that single under hook to turn or bump his opponents to create that extra
distance to strike all the while focusing on keeping them
off balance by manipulating their way lifting his opponents up with the
underhook in an attempt to break their posture was also another means that
Randy used to off balance with the underhook and while he would strike and
pummel in to grab an underhook it’s worth noting that he would also remove
an underhook to begin striking. Preferably if he had an underhook and a
collar tie. A great example here is while punching in he secures a right under
hook and establishes good head position he then removes his under hook to
convert to a collar tie before throwing a left and a right hook and then
pummeling back in to finish with double underhooks. And out of all of Randy
Couture’s dirty boxing sequences this one might happen to be my favorite. Let’s
slow it down so we can take a closer look, Randy begins by throwing a right
elbow followed to an ear rip before throwing an uppercut and pummeling
straight into an under hook then with the free hand on the right side he
throws a hook to the body and to the head, great work! A tactic Randy would use
to secure the under hook is as a counter for when his opponents would grab a
collar tie, you can see here his opponents would get a collar tie and
Randy would bump and pummel in under with his under hook. This would play into
this strategy of constantly pummeling between those dirty boxing positions and
another thing you do with the under hook is bring it higher and up across his
opponent’s mouth and jaw to push that chin away and exert extra control in the
position. And now moving on to knee strikes, while in a dirty boxing clinch
punches are going to be the primary weapon Randy would still throw knees
when the opportunity arose although the knees weren’t doubled up on and were
often just thrown as a single strike. They did serve the purpose of breaking the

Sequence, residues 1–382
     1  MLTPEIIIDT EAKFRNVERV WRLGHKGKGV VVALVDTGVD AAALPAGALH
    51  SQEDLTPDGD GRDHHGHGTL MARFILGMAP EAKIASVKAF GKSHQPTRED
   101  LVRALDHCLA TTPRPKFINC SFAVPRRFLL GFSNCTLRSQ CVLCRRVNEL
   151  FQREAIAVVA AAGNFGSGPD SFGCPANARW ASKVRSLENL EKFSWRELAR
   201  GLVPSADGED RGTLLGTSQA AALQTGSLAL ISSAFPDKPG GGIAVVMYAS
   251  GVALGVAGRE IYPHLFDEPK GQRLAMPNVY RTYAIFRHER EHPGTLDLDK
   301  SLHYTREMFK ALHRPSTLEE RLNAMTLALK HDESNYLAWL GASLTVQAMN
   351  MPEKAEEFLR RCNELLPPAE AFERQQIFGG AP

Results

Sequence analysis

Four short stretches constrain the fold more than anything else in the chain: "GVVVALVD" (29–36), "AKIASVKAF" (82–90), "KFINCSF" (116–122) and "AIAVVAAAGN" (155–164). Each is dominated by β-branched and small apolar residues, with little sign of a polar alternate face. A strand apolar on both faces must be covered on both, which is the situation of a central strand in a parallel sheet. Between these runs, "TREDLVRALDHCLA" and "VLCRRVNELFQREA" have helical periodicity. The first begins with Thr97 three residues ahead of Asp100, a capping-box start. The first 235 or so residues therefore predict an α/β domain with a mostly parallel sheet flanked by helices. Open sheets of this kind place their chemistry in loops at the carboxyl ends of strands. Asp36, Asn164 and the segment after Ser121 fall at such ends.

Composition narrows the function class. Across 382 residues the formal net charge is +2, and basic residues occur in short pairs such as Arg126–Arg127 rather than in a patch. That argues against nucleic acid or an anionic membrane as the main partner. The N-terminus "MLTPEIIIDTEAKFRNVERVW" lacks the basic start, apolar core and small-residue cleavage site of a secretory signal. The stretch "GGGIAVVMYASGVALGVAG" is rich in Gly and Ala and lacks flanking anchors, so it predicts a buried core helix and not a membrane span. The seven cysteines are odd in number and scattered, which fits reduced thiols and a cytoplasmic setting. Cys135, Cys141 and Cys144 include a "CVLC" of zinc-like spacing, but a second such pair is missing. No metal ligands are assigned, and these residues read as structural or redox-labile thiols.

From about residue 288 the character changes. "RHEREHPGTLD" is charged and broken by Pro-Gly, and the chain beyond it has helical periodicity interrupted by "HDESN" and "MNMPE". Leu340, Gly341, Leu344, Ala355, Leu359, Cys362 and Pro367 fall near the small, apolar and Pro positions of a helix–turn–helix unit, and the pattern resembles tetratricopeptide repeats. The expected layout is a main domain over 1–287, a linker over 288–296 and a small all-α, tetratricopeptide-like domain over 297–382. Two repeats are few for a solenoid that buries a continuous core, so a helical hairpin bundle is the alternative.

opponent’s posture which could then set up follow-up punches.
Breaking from the clinch was also another tactic that Randy would use to
take the initiative in the clinch battles. Randy would proactively break
from the clinch and use that opportunity to unload boxing combinations at his
opponents before re-entering the clinch as Randy would break from the clinch the
opponent’s could be caught with their hands still down from where they were in
the grappling exchange as the opponent tries to catch up Randy would use that
moment to throw intense short sharp combinations before re-establishing the
clinch and this breaking from the clinch really ties together the principles of
off balancing and pummeling that Randy used to always make sure his opponents
were on the back foot when he was using the dirty boxing clinch. They never knew
what was coming next and Randy was always staying one step ahead of them.
Dirty boxing in mixed martial arts owes a lot of its notoriety to Randy Couture
and his excellent use of it throughout his career while other fighters like
Jen’s Pulver Matt Lindland and Dan Henderson also helped pave the way. Dirty
boxing gave Randy Couture a style to perfectly integrate his greco-roman
wrestling background into freestyle fighting. The importance of the off